It was. Because you need that. You need someone that actually has an open heart. When you’re listening from that point of view, that’s not you as a human listening, that’s you as like a soul listening.
I’ve been asked this question a couple of times. How do you find yourself? How do you do that? I don’t think there’s a great answer, but there’s not one answer where you can just tell somebody, “This is how you do it.” It’s only based on what your experience was. If someone did ask you that, what would be your best advice for them on how to get in touch with who you really are? It’s not an easy question.
It’s not an easy question because I believe that some people are so deeply ruled by their egos that they would hear the advice and it wouldn’t even click. If you’ve gotten past that stage of at least being able to know that there’s another way. I know a lot of people who know that there’s another way to be, but they don’t go with it. That’s a stage that you can find yourself from that point on. If you’ve not reached that point yet and you’re still in this flow of just being hit back and forth by whatever life gives you, not at all saying, “No, this is what I want from life.” That’s fine because you’re going to find yourself eventually. But you first have to get to the point of at least having some awareness.
I think from there, it’s going to change for each person, but you just have to, as often as you possibly can, keep tabs on how you react to things, on just trying to be aware as often as possible. Even I do this sometimes. When I was walking down the street, I would literally in my head, just follow the flow of my walking. I’m like walk, walk, walk, walk. Just so that I know that when I’m doing that, that means I’m aware of what I’m doing. Because you could easily, if you’re walking down a street, be lost in your mind. At that point when you’re lost in your mind, you’re not even alive. You’re just in a thinking mind. You’re not actually alive. Eckhart Tolle is everything to me. He’ll talk about things that we do and you might think that you’re so enlightened yet he’ll be like, “What about when you wake up in the morning, you’re brushing your teeth, are you thinking of other stuff or are you actually paying attention?”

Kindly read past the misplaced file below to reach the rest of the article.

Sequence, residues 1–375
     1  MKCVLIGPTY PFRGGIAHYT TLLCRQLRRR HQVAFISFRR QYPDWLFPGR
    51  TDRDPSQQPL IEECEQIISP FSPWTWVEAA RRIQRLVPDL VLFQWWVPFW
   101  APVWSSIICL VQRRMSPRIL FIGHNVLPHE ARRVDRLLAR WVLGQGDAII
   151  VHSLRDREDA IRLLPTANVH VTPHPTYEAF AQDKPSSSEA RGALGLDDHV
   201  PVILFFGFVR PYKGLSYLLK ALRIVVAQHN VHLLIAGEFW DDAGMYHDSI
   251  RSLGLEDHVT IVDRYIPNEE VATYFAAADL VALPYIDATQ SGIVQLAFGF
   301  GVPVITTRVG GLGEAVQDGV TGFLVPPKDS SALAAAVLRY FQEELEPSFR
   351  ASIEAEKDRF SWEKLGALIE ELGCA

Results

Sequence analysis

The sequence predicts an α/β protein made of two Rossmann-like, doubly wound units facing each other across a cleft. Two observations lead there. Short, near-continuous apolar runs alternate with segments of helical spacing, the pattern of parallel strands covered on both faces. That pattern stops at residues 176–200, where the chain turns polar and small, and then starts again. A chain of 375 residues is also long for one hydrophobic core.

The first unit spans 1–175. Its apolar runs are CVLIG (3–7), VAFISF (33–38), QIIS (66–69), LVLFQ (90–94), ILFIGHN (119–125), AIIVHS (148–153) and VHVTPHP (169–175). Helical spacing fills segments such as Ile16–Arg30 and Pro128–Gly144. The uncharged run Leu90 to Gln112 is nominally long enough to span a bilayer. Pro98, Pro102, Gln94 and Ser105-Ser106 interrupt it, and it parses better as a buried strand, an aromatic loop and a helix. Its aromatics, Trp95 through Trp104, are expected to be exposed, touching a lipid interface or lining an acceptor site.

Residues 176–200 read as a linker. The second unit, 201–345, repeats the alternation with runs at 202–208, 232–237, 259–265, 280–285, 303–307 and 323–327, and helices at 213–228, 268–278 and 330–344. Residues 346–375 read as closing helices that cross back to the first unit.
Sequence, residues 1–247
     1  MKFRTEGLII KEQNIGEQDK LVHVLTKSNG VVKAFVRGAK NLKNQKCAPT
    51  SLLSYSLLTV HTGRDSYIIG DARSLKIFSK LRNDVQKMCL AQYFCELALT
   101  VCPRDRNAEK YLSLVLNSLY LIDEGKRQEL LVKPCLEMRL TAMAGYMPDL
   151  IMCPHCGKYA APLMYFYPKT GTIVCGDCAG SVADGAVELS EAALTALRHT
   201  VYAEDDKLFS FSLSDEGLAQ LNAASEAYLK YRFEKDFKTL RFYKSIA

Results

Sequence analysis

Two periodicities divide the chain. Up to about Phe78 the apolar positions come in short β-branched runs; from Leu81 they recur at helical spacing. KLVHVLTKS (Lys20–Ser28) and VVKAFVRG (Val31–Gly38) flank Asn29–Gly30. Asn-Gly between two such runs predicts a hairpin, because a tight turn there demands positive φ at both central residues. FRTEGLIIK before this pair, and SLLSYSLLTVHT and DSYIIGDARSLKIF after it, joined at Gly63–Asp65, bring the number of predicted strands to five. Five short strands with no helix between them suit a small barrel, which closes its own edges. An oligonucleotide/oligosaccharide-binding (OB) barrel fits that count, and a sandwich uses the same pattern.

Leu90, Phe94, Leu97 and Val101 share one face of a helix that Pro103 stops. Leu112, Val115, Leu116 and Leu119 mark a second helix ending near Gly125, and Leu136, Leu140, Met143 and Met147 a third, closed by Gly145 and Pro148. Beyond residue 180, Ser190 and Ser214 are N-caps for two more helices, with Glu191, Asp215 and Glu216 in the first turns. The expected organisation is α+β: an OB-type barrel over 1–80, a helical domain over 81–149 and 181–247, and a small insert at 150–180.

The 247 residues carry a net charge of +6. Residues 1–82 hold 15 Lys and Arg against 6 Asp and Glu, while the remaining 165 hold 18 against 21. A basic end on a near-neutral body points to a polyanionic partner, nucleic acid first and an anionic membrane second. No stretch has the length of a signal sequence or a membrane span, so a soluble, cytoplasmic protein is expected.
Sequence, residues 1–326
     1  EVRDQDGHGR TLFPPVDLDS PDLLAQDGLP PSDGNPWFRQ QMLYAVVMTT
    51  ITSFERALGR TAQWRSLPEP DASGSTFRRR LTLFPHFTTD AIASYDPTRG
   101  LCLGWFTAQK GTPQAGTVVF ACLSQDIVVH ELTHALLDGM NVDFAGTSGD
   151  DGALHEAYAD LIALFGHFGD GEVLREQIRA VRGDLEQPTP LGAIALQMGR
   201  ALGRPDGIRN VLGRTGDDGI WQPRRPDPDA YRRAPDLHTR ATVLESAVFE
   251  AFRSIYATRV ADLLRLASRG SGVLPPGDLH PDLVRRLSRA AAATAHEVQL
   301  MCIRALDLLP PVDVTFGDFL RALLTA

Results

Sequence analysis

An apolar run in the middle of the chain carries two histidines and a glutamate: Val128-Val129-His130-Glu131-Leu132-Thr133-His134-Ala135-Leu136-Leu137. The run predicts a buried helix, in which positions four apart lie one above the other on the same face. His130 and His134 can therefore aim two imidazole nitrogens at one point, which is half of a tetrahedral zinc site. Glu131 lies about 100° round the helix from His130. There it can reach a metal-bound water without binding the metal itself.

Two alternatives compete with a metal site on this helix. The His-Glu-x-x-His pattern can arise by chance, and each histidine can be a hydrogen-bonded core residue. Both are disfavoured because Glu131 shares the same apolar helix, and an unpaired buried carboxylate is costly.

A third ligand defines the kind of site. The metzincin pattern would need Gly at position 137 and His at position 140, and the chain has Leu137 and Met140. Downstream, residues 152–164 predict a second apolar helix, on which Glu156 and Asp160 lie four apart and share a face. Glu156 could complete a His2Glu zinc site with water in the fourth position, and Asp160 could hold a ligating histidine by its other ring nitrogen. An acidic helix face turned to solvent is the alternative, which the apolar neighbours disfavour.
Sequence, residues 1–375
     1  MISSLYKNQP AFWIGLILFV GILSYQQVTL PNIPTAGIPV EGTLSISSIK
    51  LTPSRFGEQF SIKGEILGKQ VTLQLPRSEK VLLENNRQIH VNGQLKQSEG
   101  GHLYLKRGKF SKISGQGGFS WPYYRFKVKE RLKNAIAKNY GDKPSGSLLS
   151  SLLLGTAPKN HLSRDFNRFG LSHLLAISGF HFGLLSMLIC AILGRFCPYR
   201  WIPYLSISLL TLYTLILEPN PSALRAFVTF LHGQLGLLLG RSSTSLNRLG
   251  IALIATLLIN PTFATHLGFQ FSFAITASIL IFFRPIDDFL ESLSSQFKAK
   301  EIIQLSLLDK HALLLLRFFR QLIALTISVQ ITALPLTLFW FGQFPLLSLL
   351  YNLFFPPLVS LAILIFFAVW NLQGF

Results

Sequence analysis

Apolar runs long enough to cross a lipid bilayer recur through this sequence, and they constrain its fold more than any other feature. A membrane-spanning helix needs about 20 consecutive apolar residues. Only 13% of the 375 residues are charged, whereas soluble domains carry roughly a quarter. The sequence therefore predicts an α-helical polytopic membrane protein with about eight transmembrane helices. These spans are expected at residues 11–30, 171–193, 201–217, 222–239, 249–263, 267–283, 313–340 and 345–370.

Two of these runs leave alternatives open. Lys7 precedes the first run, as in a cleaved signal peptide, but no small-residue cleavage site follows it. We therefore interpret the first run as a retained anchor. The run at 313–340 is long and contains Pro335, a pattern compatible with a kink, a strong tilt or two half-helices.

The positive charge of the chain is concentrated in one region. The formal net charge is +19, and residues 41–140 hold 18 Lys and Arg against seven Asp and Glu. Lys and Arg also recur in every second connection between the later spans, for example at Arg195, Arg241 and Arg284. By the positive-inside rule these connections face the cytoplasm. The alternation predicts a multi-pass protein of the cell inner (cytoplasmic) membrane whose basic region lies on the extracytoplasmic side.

Being present in everything that you do.
That to me is people trying to manifest things for themselves. That is really a great thing, of trying to manifest something for yourself by changing your thought process. That might be the stage that you’ll have to get through before you get to the point of wanting to be present. If you’re being fully present, then you’re not trying to manifest anything. You’re accepting life as it comes. You’re really becoming the open vessel for the universe to walk through you, rather than trying to make things happen. That is what changed my life, is making the decision to instead of trying to make things happen for me, I accepted that I was here for a reason. The more often I stay present, the more often the universe can instruct me and bring me to do what it has meant for me to do, rather than little me trying to force whatever I want to happen. I’m just open for whatever, as often as possible. That’s what makes things happen.
Your gut instinct, I feel like that really never shuts off. You could feel on a daily basis from right there if something’s right or something’s wrong. I feel like a lot of people talk themselves out of that. They can feel it, but they just shut it off and then things just get worst. I personally shut that feeling off for a while and I stop doing it. I tried to go with that feeling as often as I can. Even to this day, I’ll shut it off for a couple of days and I’ll just have a bad week because I know that’s not intuitively what I’m meant to do. It really messes up my whole week. I didn’t do that a couple of years ago. I just started recently doing that and a lot of problems might be solved from following that gut instinct alone.
I 100% agree. It’s one of those things where when you have society telling you or people around you telling you, “This is what you do, blah, blah, blah.” That interferes with your intuition. The entire process here is learning to trust your intuition and stop listening to whatever’s coming at you from the external. Because it’s not going to stop.